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Content tagged with "Reptiles and Amphibians"

Image of an eastern yellow-bellied racer

Eastern Yellow-Bellied Racer

Coluber constrictor flaviventris
Color of this common snake is uniform but variable—from olive, tan, brown, or blue to nearly black. The belly may be yellow, cream, or light blue gray. It occurs nearly statewide.

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Image of a false map turtle

False Map Turtle

Graptemys pseudogeographica pseudogeographica
The false map turtle is a medium-sized aquatic species with a low ridge along the center of the upper shell. A thick yellow line behind each eye forms a backward L shape. It occurs in large rivers and reservoirs in central, northeastern, northwestern, and southeastern Missouri.

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Image of a five-lined skink

Five-Lined Skink

Plestiodon fasciatus
Often called the "blue-tailed" skink for the coloration of juveniles, this is Missouri's most common skink. Adults are olive or tan with lengthwise stripes.

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Photo of a flat-headed snake held in someone’s hands

Flat-Headed Snake

Tantilla gracilis
The flat-headed snake is found in the southern half of the state except the far southeastern corner. The general color of this small snake is tan, gray brown, or reddish brown. The head sometimes is slightly darker than the rest of the body or is black, and the belly is salmon pink.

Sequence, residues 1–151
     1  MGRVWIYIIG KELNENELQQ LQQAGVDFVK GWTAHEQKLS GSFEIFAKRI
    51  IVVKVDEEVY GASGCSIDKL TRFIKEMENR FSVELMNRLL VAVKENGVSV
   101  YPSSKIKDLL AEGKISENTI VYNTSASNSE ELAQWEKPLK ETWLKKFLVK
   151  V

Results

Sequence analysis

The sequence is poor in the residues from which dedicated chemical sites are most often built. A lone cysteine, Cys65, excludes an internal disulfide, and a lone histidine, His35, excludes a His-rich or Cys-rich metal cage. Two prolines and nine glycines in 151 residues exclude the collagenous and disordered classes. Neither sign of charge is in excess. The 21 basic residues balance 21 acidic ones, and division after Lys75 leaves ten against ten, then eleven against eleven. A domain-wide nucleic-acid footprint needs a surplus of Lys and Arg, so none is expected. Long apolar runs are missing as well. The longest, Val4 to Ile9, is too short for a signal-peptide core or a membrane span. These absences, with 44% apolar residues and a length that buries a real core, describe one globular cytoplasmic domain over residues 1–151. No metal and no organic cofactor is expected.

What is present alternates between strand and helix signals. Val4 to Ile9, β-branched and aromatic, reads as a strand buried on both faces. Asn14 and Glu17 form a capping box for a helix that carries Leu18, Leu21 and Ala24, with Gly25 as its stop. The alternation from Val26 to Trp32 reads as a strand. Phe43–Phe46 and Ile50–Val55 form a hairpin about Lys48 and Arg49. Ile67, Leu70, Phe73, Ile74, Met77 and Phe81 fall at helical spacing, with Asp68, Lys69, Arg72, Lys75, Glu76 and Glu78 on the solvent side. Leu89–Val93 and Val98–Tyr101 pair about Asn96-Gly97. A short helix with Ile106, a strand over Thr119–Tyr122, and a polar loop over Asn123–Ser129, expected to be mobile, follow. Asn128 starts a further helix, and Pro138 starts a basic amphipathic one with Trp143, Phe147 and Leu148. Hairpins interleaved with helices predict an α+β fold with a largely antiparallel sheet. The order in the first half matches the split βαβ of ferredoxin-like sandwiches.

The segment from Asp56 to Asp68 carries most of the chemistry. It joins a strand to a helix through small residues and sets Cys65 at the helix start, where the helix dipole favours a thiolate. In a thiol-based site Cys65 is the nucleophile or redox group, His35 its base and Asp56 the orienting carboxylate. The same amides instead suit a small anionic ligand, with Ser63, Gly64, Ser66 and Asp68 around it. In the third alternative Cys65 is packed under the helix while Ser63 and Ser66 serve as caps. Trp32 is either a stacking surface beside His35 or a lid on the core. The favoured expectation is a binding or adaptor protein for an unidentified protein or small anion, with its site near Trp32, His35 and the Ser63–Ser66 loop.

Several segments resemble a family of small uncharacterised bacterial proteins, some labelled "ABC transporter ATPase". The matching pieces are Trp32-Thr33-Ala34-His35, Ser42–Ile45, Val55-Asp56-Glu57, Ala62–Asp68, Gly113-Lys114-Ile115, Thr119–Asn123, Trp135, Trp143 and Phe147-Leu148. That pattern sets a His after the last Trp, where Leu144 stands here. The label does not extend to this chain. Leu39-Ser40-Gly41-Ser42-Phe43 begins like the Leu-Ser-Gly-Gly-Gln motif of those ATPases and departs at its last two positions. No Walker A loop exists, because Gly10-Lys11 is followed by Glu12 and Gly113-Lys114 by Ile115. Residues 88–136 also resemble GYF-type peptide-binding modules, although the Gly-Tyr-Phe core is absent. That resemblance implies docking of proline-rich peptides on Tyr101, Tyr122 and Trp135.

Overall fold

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Four-Toed Salamander

Hemidactylium scutatum
A glacial relict in Missouri’s eastern Ozarks, the four-toed salamander lives among mosses in heavily forested streams and creeks and sinkhole ponds. In the northern part of its range, this salamander lives in peat bogs.

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Image of fowler's toad

Fowler’s Toad

Anaxyrus fowleri
Fowler’s toad is the common toad of gravel and sand bars along Ozark streams and rivers as well of the Mississippi Lowlands. It usually has paired dark markings with 3 or more warts, and usually has a light tan or white line down the back as well as a dark gray spot on the chest.

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Image of graham's crayfish snake

Graham's Crayfish Snake

Regina grahamii
This medium-sized, dull-colored, semiaquatic snake is known from prairie streams, marshes, and ponds. Like most other snakes associated with water, it is often misidentified as a cottonmouth and needlessly killed.

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Image of a gray treefrog

Gray Treefrog and Cope’s Gray Treefrog

Hyla versicolor and H. chrysoscelis
Sticky pads on fingers and toes enable these two gray treefrogs to climb and rest on vertical surfaces. In fact, you might occasionally see one resting quietly on the siding of your house, if you live near suitable treefrog habitat!

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Image of a Great Plains ratsnake

Great Plains Ratsnake (Great Plains Rat Snake)

Pantherophis emoryi
This member of the ratsnake group is seldom seen. It has numerous brown blotches along the body, a brown eye stripe, and a spearpoint marking on top of the head.

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Great Plains Skink

Plestiodon obsoletus
A tan or light brown lizard with most of the scales edged in black, making it look speckled. These markings may form irregular lines along the back and sides. In Missouri, found only in our far western and southwestern counties.

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